With tuition costs on the rise, more and more people are searching for scholarships to ease the financial burden of higher education. Unfortunately, there are scammers who prey on students and their families using a variety of schemes.
In 2018, the FTC reported 725 consumer complaints related to student aid. Here are some examples in which students and their families get scammed:
Students often use the Free Application for Federal Student Aid, an official government financial aid form found on the U.S. Department of Education's website, to apply for financial aid. However, there are some companies that offer to fill out your FAFSA and scholarship applications for you. But on top of accessing your personal information, they charge fees. The FAFSA application is free to fill out and additionally, scholarship sponsors require that students complete the paperwork and even draft letters and essays.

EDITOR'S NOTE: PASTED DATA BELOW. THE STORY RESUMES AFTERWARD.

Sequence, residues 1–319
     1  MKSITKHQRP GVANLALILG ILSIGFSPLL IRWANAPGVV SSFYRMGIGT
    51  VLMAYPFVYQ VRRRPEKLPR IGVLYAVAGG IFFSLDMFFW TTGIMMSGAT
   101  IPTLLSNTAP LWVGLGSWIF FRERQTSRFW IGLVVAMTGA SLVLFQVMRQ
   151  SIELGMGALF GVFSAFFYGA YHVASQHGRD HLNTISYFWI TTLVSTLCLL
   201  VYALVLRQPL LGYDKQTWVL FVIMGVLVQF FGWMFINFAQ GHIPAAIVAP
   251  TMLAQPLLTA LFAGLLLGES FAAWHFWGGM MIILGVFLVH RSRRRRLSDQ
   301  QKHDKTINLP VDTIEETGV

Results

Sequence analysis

If a scholarship necessitates an application fee, more than likely it's a scam. Never pay for scholarship consideration, even if it "guarantees" student aid.
Scholarship seminars claim to have the inside scoop on student aid, using high-pressure sales techniques to peddle their services. Regardless, there are many large, free databases of scholarships, such as scholarships.com. Scholarships can also be found on your college website. Your advisor or guidance counselor can help you navigate student aid better than anyone else-and they won't charge you.
Other red flags include:
All in all, if it sounds too good to be true it probably is. Report fraud to the FTC. Stay smart and stay safe!